Malzac, Julien and Kalamkar, Maithili and Vincentelli, Federico and Vue, Alexis and Drappeau, Samia and Belmont, Renaud and Casella, Piergiorgio and Clavel, Maïca and Corbel, Stphane and Coriat, Mickaël and Dornic, Damien and Ferreira, Jonathan and Henri, Gilles and Maccarone, Thomas J and Marcowith, Alexandre and O’Brien, Kieran and Péault, Mathias and Petrucci, Pierre-Olivier and Rodriguez, Jérome and Russell, David M and Uttley, Phil (2018) 'A jet model for the fast IR variability of the black hole X-ray binary GX 339-4.', Monthly notices of the Royal Astronomical Society., 480 (2). pp. 2054-2071.
Using the simultaneous Infra-Red (IR) and X-ray light curves obtained by Kalamkar et al., we perform a Fourier analysis of the IR/X-ray timing correlations of the black hole X-ray binary (BHB) GX 339-4. The resulting IR vs X-ray Fourier coherence and lag spectra are similar to those obtained in previous studies of GX 339-4 using optical light curves. In particular, above 1 Hz, the lag spectrum features an approximately constant IR lag of about 100 ms. We model simultaneously the radio to IR Spectral Energy Distribution (SED), the IR Power Spectral Density (PSD), and the coherence and lag spectra using the jet internal shock model ISHEM assuming that the fluctuations of the jet Lorentz factor are driven by the accretion flow. It turns out that most of the spectral and timing features, including the 100-ms lag, are remarkably well-reproduced by this model. The 100-ms time-scale is then associated with the travel time from the accretion flow to the IR emitting zone. Our exploration of the parameter space favours a jet which is at most mildly relativistic (¯ < 3), and a linear and positive relation between the jet Lorentz factor and X-ray light curve i.e. (t) − 1∝LX(t). The presence of a strong Low-Frequency Quasi-Periodic Oscillation (LFQPO) in the IR light curve could be caused by jet precession driven by Lense–Thirring precession of the jet-emitting accretion flow. Our simulations confirm that this mechanism can produce an IR LFQPO similar to that observed in GX 339-4.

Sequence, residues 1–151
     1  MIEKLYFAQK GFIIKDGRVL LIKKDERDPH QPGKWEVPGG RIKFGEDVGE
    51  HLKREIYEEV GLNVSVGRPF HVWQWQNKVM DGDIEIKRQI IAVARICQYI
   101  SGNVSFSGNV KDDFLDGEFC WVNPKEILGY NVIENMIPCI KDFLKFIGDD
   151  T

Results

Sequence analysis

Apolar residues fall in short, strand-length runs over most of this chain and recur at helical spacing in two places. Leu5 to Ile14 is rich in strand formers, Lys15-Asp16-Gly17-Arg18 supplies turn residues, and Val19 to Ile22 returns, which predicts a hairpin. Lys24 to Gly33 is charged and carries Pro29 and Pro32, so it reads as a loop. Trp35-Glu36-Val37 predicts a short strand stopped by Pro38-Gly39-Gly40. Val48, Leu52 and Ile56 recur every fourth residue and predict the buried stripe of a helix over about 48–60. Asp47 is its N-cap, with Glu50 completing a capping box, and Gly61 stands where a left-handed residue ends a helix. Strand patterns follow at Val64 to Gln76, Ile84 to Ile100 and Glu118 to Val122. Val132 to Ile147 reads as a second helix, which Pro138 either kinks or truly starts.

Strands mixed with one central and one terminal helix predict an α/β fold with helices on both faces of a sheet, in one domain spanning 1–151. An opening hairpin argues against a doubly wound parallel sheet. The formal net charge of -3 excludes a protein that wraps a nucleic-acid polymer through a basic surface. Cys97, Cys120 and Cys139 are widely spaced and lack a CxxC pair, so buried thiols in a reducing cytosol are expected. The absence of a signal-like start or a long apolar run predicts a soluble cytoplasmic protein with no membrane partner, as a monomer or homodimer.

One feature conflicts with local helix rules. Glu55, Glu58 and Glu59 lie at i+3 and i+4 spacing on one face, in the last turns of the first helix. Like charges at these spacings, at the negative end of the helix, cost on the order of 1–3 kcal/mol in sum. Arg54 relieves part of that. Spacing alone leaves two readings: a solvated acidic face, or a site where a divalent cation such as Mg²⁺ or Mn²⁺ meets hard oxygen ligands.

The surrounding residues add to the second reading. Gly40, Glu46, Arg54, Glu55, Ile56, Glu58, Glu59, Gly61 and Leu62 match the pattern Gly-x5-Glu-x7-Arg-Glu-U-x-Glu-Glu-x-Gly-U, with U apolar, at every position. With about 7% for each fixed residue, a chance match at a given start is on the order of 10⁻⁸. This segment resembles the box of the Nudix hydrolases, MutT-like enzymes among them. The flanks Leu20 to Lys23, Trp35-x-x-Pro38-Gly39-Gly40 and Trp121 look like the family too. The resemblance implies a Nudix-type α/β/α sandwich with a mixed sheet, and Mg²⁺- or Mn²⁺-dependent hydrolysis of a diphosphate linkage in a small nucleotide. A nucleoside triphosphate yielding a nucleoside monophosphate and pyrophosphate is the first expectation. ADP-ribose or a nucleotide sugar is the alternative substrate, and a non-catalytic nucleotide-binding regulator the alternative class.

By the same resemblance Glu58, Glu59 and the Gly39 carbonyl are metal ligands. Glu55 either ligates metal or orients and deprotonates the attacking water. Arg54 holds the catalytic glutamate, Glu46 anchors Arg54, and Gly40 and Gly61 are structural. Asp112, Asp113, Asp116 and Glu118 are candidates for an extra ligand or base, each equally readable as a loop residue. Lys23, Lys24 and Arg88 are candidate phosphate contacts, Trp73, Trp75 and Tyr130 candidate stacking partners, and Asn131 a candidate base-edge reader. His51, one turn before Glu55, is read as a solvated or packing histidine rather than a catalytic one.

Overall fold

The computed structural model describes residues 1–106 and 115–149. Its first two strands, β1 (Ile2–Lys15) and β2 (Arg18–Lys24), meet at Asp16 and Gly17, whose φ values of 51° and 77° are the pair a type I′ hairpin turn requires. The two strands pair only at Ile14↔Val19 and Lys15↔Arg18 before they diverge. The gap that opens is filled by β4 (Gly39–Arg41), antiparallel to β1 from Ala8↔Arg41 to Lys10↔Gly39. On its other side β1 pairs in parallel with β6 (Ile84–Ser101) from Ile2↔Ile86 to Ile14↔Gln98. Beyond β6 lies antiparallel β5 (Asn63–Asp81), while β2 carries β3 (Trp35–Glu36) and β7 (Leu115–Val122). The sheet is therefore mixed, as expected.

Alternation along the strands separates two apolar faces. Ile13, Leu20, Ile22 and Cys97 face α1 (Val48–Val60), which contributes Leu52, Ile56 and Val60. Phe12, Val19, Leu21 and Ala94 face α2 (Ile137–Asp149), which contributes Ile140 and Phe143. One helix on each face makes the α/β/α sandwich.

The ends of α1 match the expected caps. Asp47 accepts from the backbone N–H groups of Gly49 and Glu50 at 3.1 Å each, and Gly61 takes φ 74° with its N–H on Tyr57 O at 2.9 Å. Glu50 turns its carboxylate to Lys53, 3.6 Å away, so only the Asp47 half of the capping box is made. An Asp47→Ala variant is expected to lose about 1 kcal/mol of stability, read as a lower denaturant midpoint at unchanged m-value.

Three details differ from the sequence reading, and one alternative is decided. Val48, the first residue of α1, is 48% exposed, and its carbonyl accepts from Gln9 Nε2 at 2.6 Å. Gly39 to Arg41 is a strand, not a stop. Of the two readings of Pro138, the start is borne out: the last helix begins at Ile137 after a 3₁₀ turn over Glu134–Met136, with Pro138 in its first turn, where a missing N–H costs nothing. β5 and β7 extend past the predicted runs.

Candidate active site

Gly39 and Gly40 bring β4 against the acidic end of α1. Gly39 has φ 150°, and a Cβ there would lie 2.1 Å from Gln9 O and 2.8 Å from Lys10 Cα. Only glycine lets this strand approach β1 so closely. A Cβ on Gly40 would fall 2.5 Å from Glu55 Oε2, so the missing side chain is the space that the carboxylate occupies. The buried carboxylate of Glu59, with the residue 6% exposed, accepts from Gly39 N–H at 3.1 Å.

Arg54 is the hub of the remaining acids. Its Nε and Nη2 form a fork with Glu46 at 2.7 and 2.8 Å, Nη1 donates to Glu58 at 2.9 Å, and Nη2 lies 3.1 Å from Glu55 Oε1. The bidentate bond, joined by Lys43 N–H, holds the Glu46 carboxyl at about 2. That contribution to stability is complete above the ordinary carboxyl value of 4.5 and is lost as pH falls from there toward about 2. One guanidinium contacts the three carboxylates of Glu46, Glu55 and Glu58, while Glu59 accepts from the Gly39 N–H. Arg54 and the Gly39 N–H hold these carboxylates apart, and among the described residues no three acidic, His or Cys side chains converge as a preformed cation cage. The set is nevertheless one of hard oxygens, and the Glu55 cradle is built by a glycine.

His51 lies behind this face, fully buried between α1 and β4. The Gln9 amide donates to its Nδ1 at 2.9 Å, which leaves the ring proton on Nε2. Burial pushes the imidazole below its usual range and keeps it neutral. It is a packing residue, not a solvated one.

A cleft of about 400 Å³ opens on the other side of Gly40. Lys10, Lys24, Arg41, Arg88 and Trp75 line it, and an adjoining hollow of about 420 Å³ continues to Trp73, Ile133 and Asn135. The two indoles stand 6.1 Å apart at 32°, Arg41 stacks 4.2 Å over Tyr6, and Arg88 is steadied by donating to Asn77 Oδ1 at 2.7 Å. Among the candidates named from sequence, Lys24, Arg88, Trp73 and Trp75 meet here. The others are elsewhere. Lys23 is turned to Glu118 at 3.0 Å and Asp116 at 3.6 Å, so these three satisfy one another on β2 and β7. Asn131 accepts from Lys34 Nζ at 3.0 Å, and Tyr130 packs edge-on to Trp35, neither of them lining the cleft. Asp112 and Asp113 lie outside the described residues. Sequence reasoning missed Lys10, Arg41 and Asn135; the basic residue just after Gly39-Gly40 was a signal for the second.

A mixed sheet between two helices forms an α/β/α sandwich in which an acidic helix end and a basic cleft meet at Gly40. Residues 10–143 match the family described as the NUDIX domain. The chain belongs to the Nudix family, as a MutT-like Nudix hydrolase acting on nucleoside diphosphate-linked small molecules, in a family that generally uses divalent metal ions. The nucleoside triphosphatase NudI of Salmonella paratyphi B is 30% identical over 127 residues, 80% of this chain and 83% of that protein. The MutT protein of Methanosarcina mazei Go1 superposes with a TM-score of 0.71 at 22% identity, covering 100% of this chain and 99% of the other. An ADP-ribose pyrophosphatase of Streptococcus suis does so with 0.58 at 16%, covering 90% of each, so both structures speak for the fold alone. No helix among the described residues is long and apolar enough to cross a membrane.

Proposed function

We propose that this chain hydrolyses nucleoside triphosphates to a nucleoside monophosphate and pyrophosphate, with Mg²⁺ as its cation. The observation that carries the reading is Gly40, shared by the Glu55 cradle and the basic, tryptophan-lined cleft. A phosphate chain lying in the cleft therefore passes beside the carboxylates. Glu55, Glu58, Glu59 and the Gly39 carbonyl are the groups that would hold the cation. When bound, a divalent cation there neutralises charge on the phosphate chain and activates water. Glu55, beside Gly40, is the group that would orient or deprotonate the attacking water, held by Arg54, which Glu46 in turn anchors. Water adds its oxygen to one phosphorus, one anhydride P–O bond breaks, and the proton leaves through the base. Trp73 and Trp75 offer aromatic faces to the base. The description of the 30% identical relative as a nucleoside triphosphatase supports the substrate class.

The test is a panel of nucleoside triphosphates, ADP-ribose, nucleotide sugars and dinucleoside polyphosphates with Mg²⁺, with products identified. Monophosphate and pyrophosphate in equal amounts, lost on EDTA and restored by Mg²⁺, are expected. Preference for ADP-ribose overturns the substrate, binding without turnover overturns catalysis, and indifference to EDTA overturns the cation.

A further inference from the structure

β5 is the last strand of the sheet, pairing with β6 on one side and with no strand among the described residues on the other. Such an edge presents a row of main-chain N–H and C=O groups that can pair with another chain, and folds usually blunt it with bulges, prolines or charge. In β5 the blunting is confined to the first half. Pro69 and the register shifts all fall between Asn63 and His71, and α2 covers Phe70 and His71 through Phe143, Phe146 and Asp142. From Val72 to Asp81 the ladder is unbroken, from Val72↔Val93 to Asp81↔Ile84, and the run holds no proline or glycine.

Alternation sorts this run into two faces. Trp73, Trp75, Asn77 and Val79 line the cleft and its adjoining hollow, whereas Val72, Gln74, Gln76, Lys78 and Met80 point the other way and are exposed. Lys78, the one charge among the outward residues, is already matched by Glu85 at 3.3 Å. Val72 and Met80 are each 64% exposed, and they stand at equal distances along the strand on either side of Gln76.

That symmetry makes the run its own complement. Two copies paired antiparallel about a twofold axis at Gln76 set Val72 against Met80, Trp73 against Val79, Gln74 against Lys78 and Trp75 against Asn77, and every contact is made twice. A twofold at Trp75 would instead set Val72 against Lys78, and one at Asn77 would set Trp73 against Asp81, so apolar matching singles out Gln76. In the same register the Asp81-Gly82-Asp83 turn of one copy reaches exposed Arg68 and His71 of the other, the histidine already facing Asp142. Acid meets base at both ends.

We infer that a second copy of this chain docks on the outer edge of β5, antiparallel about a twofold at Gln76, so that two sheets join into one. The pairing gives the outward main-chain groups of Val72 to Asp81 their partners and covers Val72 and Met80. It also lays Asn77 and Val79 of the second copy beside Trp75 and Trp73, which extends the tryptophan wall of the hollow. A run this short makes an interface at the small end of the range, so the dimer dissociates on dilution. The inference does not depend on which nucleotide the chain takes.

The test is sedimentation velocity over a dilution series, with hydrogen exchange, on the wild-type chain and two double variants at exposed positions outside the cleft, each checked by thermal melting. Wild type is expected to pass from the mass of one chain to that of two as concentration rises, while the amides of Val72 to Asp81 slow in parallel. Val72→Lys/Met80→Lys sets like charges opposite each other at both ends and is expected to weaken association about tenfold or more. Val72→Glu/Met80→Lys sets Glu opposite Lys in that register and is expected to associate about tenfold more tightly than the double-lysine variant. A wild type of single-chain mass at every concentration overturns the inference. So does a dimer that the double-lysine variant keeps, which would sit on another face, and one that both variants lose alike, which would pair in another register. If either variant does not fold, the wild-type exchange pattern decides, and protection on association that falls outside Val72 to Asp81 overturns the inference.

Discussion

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|Publisher Web site:||https://doi.org/10.1093/mnras/sty2006|
|Publisher statement:||This article has been accepted for publication in Monthly Notices of the Royal Astronomical Society © 2018 The Authors. Published by Oxford University Press on behalf of the Royal Astronomical Society. All rights reserved.|
|Date accepted:||23 July 2018|
|Date deposited:||05 October 2018|
|Date of first online publication:||30 July 2018|
|Date first made open access:||05 October 2018|
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